A TECHNIQUE DRIVEN Blog dedicated to mastery of surface design techniques. First we dye, overdye, paint, stitch, resist, tie, fold, silk screen, stamp, thermofax, batik, bejewel, stretch, shrink, sprinkle, Smooch, fuse, slice, dice, AND then we set it on fire using a variety of heat tools.

Tuesday, June 24, 2014

Sunprinting Indoors by Sue A

Greenhouse/Sunroom, AKA the Wet Studio
I usually paint and print outdoors, but here in NE PA,  the number of good days and hours in those days ideal for sunprinting are limited. If I need something different from what I have in stock, I am stuck having to wait till warm weather.  This post is modified from one that I did when I didn't have "just the right" fabrics for a project I was working on one Winter.

With my degree is in floriculture, and having owned a couple greenhouse businesses, I just happen to have a germination chamber for starting seeds indoors in the sunroom/greenhouse on the back of our home.  It has shelves with fluorescent lights, that light and warm whatever is placed on the shelf. I thought this would be perfect to try for indoor printing... The photo, upper right, shows the greenhouse as it looked back in 2007... the germination chamber is on the right side of the photo next to the furnace.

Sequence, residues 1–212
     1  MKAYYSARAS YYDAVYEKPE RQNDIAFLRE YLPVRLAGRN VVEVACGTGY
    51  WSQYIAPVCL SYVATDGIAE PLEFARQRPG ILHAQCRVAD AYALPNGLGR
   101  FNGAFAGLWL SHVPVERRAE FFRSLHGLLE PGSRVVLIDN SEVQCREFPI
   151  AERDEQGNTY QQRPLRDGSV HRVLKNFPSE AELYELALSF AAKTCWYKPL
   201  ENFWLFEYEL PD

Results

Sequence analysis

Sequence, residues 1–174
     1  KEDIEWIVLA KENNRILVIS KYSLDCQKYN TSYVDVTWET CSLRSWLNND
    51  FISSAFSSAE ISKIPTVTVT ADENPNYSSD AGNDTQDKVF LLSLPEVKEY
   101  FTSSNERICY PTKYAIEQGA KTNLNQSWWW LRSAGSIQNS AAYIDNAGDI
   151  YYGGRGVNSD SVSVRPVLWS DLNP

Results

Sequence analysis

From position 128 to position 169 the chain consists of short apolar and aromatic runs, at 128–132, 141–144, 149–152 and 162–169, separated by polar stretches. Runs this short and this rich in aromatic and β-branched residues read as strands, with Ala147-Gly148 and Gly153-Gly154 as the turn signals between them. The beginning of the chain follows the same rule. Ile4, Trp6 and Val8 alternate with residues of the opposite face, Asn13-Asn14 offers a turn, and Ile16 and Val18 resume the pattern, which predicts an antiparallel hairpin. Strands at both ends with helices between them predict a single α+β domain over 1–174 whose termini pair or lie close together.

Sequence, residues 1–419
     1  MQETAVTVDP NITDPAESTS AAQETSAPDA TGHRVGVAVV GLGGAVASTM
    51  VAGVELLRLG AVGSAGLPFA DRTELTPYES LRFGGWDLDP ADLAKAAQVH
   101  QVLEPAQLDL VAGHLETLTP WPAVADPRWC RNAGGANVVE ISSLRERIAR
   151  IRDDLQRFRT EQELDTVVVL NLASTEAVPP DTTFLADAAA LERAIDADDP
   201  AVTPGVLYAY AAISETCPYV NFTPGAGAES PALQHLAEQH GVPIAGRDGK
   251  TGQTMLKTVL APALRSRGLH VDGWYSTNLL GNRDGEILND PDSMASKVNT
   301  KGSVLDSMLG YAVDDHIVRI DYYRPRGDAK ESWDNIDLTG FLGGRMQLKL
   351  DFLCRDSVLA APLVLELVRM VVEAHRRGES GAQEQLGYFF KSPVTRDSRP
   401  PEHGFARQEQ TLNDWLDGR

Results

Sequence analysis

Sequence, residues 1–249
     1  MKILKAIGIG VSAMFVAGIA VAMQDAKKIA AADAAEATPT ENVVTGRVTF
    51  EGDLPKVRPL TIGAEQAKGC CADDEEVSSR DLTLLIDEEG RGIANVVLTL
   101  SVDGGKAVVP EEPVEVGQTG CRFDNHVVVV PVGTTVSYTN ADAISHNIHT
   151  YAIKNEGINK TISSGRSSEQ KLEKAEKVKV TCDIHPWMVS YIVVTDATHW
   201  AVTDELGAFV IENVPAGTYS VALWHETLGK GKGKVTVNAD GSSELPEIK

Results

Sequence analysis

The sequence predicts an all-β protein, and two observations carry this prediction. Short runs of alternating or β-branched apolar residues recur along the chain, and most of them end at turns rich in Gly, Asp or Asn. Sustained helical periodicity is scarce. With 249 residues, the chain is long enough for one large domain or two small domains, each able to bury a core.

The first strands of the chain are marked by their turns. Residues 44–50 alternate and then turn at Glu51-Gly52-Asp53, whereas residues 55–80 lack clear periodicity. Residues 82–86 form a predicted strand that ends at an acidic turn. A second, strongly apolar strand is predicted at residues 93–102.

Fabric smoothed onto paint board

The process begins as with outdoor sunprinting... Smoothing the wet fabric onto a paint board... The color you see is what was left from a previous piece of fabric. It is dry and doesn't transfer to the new fabric even though it shows through the white fabric in the photo.

Thinned textile paint brushed on wet fabric.

Thinned textile paint is brushed onto the wet fabric.

Patting down a Fern

 Leaves are placed over the wet paint and patted tight to the fabric surface...  Once the leaves were added, Sea salt was sprinkled between the leaves...

Board with painted fabric placed under lights